OP/ED: Should HIV Infected Athletes Be Allowed To Play Contact Sports

There are hundreds of thousands of people, children and adults alike, who indulge and admire the world that surrounds sports.

Of those who hold sports close to their hearts, several, if not all, spend their free time being involved with their favorite sport, whether on an organized team or with friends.

Sports like basketball, baseball, football, soccer, and hockey are easily ones that are adored by our society. However, when it comes to personal interaction in sports which require rough contact and attract many injuries, have you wondered whether, if the player opposite you strikes you, drawing blood from both parties, there is a possibility that they have HIV? Is there a likelihood that you would contract it?

Not many people ponder that question while playing sports. Many have their mind set on victory and don’t think about the other team at all. But if knowledge were gained about an opposing player having HIV, would you continue to play against him or her?

It is safe to say that a vast majority of people would become reluctant to take place in any type of physical activity knowing that an opposing player is HIV positive.

HIV-infected athletes face tremendous prejudices held by their healthy counterparts.

No one wants to put himself in jeopardy of contracting the disease even though it is spread through the blood. HIV can also be present in tears and saliva, but there are no documented cases of it being spread via those outlets.
Even so, in the most physical sports arena, American football, there has been no documented case, to date, of HIV transmission from one athlete to another. Experts claim that the probability of transmission in American football is estimated to be less than one in a million.

Likewise, in the bloodiest sports of boxing, wrestling and ice hockey, no cases of transmission have been documented.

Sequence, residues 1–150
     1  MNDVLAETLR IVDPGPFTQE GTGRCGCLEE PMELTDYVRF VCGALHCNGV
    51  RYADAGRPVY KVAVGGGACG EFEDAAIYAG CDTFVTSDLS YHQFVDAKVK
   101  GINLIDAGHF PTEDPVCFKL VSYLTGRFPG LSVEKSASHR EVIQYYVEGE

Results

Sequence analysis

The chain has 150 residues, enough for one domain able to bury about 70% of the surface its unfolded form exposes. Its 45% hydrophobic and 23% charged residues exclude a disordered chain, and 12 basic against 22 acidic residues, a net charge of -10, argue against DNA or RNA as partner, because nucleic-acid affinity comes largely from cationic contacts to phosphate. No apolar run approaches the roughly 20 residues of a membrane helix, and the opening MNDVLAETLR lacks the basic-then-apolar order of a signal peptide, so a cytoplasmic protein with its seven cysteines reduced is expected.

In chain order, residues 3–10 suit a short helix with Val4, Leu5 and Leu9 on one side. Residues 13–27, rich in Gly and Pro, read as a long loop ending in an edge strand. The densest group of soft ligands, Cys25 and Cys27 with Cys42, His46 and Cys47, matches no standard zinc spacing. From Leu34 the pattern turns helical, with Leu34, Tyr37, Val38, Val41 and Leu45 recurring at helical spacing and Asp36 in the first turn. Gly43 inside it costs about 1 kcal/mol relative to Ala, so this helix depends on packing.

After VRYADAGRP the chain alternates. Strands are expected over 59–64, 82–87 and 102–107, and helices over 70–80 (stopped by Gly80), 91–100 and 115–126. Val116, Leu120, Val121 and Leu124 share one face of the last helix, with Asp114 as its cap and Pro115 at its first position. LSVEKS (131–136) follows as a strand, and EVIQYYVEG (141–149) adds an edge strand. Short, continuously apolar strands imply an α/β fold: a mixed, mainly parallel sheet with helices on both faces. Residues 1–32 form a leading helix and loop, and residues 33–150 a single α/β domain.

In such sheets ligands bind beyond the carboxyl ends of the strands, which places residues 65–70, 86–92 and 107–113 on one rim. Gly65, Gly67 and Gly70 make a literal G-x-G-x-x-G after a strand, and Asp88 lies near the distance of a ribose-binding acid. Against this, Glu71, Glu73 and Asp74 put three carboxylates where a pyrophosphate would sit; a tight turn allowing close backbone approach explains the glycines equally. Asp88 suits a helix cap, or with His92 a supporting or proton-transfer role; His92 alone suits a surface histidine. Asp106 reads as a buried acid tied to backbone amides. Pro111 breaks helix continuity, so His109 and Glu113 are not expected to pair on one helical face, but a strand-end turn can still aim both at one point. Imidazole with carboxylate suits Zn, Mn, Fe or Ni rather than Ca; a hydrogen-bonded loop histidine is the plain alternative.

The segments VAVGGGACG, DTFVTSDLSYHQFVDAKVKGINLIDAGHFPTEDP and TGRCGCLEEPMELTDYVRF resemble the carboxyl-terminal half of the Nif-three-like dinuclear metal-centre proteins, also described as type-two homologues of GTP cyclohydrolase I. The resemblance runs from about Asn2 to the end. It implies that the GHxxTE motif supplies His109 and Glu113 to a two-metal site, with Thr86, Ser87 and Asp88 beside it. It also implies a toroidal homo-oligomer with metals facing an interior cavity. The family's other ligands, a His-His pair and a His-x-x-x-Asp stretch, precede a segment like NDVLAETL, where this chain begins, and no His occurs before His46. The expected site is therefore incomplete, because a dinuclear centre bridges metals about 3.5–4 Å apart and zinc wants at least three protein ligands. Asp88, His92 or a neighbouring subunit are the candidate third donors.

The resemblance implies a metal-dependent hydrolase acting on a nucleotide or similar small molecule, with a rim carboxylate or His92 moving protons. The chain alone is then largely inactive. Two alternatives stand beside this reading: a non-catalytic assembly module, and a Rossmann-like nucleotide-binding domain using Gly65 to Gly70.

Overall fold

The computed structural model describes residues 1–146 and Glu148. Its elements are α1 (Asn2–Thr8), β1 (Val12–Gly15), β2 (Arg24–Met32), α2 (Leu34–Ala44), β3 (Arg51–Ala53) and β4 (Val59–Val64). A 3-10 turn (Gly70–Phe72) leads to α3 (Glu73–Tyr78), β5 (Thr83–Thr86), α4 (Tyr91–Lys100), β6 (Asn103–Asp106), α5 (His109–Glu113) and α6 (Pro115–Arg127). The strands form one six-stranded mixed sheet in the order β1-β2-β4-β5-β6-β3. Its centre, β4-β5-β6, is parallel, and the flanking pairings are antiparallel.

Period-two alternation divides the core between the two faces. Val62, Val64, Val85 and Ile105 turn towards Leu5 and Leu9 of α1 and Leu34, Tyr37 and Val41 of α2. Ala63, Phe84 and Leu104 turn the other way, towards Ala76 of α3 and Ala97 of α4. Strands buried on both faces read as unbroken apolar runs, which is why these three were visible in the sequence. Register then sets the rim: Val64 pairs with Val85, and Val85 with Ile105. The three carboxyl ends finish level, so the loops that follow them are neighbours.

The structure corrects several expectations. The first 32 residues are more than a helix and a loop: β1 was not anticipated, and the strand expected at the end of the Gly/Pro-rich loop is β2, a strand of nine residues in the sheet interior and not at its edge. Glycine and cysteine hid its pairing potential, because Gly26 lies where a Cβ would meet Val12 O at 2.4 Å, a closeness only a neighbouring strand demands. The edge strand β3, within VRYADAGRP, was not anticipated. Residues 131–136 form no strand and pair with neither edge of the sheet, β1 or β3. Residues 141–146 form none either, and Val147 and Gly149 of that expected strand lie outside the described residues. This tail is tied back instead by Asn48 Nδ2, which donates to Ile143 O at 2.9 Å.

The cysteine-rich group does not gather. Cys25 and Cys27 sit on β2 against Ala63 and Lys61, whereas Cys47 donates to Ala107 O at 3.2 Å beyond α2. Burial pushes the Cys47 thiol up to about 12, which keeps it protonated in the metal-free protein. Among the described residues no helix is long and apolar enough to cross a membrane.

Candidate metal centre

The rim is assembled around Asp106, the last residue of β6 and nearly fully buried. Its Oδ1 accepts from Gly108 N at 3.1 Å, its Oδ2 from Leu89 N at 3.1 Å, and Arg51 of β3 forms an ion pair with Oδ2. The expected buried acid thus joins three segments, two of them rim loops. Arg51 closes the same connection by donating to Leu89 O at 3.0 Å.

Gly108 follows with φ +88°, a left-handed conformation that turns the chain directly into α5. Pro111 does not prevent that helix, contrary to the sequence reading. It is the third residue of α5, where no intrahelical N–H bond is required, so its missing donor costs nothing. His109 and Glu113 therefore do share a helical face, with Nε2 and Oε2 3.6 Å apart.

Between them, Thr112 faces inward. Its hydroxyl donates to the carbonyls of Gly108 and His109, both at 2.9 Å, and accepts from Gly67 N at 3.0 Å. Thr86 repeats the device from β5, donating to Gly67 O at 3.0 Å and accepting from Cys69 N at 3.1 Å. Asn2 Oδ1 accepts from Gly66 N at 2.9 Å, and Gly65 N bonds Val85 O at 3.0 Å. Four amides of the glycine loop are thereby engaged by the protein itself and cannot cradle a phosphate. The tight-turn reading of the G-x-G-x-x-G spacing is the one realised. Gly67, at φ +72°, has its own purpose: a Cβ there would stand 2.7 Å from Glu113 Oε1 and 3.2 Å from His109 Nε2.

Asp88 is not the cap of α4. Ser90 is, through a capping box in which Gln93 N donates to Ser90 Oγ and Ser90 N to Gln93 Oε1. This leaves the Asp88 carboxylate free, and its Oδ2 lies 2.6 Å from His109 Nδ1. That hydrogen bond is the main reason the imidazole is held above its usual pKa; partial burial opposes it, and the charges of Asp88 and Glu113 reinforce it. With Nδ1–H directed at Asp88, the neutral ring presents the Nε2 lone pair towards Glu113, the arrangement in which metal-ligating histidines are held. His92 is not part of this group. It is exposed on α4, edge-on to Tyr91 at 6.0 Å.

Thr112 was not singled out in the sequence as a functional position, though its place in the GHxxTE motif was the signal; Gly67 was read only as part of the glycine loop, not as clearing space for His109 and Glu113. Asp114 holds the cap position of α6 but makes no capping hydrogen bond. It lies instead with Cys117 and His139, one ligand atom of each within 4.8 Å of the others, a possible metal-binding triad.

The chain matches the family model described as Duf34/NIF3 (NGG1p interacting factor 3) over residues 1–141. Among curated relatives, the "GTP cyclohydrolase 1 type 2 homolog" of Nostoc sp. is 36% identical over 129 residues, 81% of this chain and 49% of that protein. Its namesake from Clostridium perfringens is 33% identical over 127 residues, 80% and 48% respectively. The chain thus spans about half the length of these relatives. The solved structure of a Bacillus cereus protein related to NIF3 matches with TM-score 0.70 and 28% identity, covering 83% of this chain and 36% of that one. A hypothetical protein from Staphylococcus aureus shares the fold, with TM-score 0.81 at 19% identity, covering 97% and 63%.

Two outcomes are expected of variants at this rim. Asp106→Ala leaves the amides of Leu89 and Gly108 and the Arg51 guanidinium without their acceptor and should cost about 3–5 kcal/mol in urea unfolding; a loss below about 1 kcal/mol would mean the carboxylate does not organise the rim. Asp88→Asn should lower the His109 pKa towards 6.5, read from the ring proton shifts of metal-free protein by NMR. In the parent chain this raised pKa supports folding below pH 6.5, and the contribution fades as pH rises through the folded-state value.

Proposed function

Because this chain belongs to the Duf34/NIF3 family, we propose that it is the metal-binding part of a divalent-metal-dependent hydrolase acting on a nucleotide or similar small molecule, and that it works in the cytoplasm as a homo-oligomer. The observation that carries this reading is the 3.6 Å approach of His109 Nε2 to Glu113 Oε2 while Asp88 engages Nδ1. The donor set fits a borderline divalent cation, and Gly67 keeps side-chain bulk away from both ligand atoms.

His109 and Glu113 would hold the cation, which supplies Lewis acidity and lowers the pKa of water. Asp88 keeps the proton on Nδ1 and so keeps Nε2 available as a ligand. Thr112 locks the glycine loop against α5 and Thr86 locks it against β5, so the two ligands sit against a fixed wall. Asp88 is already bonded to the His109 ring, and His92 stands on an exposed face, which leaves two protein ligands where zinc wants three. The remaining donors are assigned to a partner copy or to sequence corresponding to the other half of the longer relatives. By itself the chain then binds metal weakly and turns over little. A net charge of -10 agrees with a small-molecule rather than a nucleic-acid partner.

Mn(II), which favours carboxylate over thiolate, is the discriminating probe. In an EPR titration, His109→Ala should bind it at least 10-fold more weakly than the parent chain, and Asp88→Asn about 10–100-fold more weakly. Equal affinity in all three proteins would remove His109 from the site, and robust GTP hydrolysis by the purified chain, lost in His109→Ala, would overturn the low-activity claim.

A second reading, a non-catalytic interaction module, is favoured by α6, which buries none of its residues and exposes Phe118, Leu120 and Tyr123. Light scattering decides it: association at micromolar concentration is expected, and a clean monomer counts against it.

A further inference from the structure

When it comes to the National Collegiate Athletic Association, it has been noted, in a survey from 1992, that only 12 of the 548 schools reported having HIV positive or AIDS diagnosed athletes.

“There are NCAA guidelines that have to be abided by when it comes to students with the disease, but there are no rules disqualifying them from participation,” said Meredith Pope, Mercy College’s Head Athletic Trainer. “Regardless of the player’s medical background, when there is an open wound, the player must be immediately removed from the field of play until the wound is covered. When there is blood on a player or their equipment, each team must come prepared with an extra uniform for the player to change into before returning to the field of play.”

With precautions set in place, there are no reasons, medically, why an HIV positive athlete should not be allowed to participate in contact sports.

Personal prejudices can cause one to be the judge, but think about the iconic athletes such as Earvin “Magic” Johnson (basketball), Greg Louganis (diver) and Arthur Ashe (tennis) who have competed at the intercollegiate, professional, and amateur level, and their impact on the world of sports as we know it.